C’mon … c’mon … c’mon … you, c’mon
C’mon … c’mon … c’mon, let’s have family prayer
The four women swayed in their seats in the front of the Ewell Hall classroom as their voices grew increasingly bold together, clapping and gesturing with their hands to punctuate notes. It wasn’t long until the sound of their unified voice filled the space, inspiring most of those in it to clap or tap their toes -- and some to even shed tears.
“The music is inspirational. It encourages,” said Almeta “Meta” Ingram-Miller. “It says, yeah, life isn’t always a crystal stair. … [but the music] always has wonderful redemptive and encouraging value in the end.”
Encouragement and education were the goals of Richmond-based gospel group The Ingramettes when they visited William & Mary on Friday to speak to a “Worlds of Music” class and perform as part of the Ewell Concert Series.
“In my class ‘Worlds of Music,’ we talk about how ethnomusicology not only looks at music but also at musicians,” said Branislava Mijatovic, adjunct professor. “We’ve been talking about this throughout the class, and so this is really valuable to [the students], to see in front of them those people, not just hear me talk about them but actually have someone who is pretty much a living tradition … I think this is just priceless.”
The group was founded 56 years ago by Maggie Ingram, who taught her children the gospel music tradition and wrote original songs for the family to sing. The group has since received numerous awards, and Ingram has been called a “true national treasure” by Jon Lohman, director of the Virginia Folklife Program. The group, now a female gospel quartet, currently includes: Ingram, her daughter Meta Ingram-Miller, granddaughter Cheryl Beaver and Valerie Stewart (not related).
Throughout the years, The Ingramettes have performed at venues around the world, including the Kennedy Center in Washington, D.C. That first Kennedy Center performance was particularly touching, Ingram-Miller told the William & Mary class.
“We’re standing in the corner, getting ready to come out and sing at the Kennedy Center, and I’m sitting over there, just bawling my eyes out,” she said. “I was just thinking, how does someone go from picking cotton in a cotton field to standing on stage at the John F. Kennedy center?
“You’ve got to understand where we’re from,” she said.
Maggie Ingram grew up on Mulholland’s Plantation in Coffee County, Ga. The child of sharecroppers, she left school in the third grade and worked alongside her parents picking cotton. She married at 16 and continued to pick cotton even after she had children. Eventually, Ingram and her husband moved to Miami where he worked as a minister and she began teaching her five children how to sing together. Soon, the group became a sought-after act at churches, festivals, conferences and other events. When Ingram’s husband moved to Georgia, she moved her children to Richmond where she worked cleaning the house of civil rights attorney Oliver W. Hill, Sr., before getting a job with the city. As a single, working mother, Ingram also started a prison ministry and eventually became a minister herself.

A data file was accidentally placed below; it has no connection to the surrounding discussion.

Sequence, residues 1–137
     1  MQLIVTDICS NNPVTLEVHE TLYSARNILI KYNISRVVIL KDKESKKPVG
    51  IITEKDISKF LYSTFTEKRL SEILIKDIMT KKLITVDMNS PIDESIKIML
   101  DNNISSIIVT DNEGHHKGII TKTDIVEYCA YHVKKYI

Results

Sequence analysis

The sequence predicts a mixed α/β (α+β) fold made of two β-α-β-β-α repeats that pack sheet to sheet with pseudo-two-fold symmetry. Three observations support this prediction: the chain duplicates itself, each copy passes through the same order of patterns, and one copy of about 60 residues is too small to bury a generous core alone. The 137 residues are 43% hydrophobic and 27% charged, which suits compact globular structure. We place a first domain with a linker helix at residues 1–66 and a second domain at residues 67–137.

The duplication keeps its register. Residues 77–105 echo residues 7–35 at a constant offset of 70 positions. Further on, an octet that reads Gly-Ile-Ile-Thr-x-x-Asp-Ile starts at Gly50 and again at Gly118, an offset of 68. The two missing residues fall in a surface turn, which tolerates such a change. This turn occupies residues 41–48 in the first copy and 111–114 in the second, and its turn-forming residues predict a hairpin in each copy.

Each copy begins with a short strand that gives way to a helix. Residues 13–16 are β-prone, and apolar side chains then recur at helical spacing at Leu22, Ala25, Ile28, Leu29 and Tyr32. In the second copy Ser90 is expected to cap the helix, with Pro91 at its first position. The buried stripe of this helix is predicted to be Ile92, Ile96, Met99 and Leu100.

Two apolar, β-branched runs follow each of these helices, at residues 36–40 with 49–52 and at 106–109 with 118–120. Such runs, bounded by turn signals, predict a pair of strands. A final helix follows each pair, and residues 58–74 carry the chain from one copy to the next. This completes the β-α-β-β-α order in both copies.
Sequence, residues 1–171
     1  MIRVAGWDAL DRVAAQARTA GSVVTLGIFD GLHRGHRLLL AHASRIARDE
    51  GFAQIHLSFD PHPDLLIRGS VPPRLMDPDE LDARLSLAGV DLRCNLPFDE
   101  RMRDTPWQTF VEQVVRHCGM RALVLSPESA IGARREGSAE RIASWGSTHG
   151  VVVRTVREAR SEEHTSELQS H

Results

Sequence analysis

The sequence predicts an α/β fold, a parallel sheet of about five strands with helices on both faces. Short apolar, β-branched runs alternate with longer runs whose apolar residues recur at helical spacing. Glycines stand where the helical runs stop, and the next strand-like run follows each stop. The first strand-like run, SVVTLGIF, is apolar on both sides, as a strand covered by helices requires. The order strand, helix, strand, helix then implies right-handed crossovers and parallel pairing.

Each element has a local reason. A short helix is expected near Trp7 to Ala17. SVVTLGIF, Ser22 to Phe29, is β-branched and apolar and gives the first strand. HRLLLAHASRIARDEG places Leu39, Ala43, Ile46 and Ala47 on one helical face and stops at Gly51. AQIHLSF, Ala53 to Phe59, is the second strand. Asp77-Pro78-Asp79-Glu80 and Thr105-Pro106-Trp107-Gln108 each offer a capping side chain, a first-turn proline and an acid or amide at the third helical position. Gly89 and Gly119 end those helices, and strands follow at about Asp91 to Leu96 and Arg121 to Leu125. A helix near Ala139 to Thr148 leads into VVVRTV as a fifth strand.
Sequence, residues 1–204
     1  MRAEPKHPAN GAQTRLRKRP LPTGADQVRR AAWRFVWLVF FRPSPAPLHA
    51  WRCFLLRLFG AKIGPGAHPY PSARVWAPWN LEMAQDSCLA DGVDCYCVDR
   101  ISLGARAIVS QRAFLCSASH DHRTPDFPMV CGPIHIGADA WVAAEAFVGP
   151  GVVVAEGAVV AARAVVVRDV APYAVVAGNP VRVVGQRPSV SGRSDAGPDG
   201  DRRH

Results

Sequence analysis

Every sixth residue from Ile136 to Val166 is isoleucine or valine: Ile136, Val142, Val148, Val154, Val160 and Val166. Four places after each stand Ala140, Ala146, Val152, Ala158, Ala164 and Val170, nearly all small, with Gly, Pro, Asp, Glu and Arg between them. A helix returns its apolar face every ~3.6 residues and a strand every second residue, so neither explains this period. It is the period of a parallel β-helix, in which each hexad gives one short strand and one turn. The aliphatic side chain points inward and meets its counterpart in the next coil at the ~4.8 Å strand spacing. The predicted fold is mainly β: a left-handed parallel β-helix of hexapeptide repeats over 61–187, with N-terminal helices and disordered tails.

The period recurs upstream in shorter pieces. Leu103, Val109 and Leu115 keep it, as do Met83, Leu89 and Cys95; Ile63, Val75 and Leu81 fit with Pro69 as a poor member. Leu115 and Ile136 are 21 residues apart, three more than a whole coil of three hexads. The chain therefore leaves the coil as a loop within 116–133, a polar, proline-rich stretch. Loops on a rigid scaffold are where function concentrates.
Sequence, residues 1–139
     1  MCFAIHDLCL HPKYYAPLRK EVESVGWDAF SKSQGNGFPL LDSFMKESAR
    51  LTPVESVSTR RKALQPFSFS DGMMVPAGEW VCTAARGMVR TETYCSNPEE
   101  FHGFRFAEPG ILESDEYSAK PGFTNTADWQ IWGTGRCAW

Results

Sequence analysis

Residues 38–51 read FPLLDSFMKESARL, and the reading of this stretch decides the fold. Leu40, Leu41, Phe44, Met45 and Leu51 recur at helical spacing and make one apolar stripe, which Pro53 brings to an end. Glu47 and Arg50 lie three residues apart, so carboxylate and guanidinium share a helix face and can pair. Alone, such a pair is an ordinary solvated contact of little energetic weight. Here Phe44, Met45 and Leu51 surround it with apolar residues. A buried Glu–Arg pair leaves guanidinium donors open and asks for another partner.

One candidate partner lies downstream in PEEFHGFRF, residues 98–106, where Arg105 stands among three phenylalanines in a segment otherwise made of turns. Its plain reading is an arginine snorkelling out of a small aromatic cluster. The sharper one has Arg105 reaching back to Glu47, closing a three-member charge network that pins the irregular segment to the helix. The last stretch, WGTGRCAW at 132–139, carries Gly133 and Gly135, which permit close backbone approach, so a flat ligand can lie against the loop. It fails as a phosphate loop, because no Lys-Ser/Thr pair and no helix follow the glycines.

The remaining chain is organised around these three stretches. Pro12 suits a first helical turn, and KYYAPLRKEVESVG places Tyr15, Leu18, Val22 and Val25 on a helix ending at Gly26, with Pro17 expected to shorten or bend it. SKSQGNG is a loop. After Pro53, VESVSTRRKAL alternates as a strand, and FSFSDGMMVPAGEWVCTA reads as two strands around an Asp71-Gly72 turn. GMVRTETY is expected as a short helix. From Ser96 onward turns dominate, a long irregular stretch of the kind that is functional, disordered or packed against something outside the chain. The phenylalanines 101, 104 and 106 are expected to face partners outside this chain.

“She’s never been satisfied to have for herself what other people didn’t have,” said Ingram-Miller of her mother.
Through it all, Ingram has managed to keep The Ingramettes going, writing new songs and continually passing the gospel tradition on. Students in the William & Mary class asked The Ingramettes about that tradition, including whether they use sheet music and what practices are like.
“Rehearsals are intense,” said Ingram-Miller, the current musical director for the group.
“I’m a beast,” she added, laughing.
One of the things that they work hard to do is maintain their traditional sound, even as some members of the younger generation try to change it.
“The challenge is to get them to play the music the way that it sounds. They want to put the little contemporary things in there, and I’m like, no. Every time you hear The Temptations do, “Dum, dum dum dum dum dum,’ you want to hear ‘I’ve got sunshine … .’ You don’t want to hear nobody change that to something else. … We’ve got the same requirements with this gospel singing, that the music has to fit the singing.”
As she and her mother get older, Ingram-Miller says that she is “very realistic about the fact that we have more years behind us than we have ahead.
“So, [Ingram] and I just want to do all that we can to pass our story, to pass the tradition on,” she said. “We want our kids and our grandkids to know how we’ve come up.”
For Erin Owens ’17, a student who attended the class just to hear something new, the experience unexpectedly touched her on a personal level. She shared a teary embrace with members of the group after the class came to an end.
“I got so much out of the experience,” she said. “I haven't been back home to Baton Rouge, La., in so long, it just brought me back. In fact, it woke me up. Starting a new chapter in my life as a college student has been a fast-paced and exhilarating experience. From day one, I have not gotten a chance to feel homesick or to miss my family or to appreciate my heritage. Coming to this workshop changed my life. It has woken me up from a long time of numbness that I didn't realize I was in.
“Hearing a piece of history in the form of a language so universal across cultures really shows the power of music, family and faith,” she said.